These are unprecedented times.
The information coming from policy makers and the media can be overwhelming, misleading, and contradictory. Are we over-reacting or under-reacting? How much worse than the flu is COVID-19? Will public health measures last for weeks, months, or years?
The answers to these questions at this point in time are not entirely clear. This is largely because we do not have the data we need to provide the answers. As the articles referenced below make clear, we do not know the actual infection rate. Without this number (which requires random sampling to determine), we cannot precisely calculate hospitalization and fatality rates. As a result, we have to make assumptions to guide policy making as we respond to the outbreak in a very short period of time. With extraordinary public health measures in place in California and much of the country, we should have substantially more data to guide our decisions over the next three weeks if the government publishes the key pieces (and this will be the subject of my next post).
For now, I wanted to provide everyone with links to three opinion pieces that provide useful perspective on the pandemic, its size and severity, and the courses it could take with various public policy responses:
The first piece is by Justin Lessler, a professor at Johns Hopkins University:
The second piece is by John P.A. Ioannidis, a professor at Stanford University:
The third piece is an interview with Michael Levitt, a Nobel Laureate and Stanford biophysicist:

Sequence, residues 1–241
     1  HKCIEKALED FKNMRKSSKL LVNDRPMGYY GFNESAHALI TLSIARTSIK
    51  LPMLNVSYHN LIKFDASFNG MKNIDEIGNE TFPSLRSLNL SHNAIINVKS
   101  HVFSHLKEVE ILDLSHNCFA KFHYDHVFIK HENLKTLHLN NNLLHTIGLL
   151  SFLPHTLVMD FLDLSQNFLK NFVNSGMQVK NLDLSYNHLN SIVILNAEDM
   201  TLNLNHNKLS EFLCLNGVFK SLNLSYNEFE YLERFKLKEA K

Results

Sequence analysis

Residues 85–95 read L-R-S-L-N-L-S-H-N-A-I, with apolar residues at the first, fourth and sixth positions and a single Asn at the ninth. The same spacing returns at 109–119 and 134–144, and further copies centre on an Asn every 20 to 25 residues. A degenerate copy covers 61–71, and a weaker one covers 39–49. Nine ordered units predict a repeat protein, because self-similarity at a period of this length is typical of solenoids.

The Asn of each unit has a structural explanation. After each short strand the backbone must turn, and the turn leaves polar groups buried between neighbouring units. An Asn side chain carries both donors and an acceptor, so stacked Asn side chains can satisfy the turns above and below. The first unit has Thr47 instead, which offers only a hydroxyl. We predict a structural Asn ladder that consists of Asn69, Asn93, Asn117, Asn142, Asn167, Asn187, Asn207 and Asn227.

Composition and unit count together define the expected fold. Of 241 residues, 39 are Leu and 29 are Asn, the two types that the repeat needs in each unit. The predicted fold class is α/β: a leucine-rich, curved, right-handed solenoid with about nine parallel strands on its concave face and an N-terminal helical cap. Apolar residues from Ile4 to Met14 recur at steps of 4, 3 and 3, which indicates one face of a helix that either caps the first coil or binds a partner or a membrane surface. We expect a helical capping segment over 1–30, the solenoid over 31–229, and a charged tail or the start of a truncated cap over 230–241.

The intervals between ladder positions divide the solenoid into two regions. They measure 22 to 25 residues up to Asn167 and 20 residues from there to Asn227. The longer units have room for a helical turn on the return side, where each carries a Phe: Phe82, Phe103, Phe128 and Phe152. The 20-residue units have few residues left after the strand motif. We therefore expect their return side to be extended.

If you take anything away from these pieces, please let it be the following: (1) the infection rate is much higher than the number of confirmed cases, which means hospitalization rates and fatality rates are much lower than simply dividing hospitalizations by confirmed cases or fatalities by confirmed cases; and (2) focusing on raw numbers (e.g., number of cases and number of fatalities) rather than rate of increase or decrease can be misleading – you need both to form an accurate picture of the trajectory of the virus (e.g., Italy recorded 601 deaths yesterday, but this was 192 fewer than 2 days before (a 24% decrease), which could mean that Italy’s extraordinary lockdown measures that began two weeks ago are starting to have their expected impact, right on schedule).
Please stay safe and take your social distancing responsibilities seriously. One thing we do know for certain is that social distancing works at slowing the spread of viruses.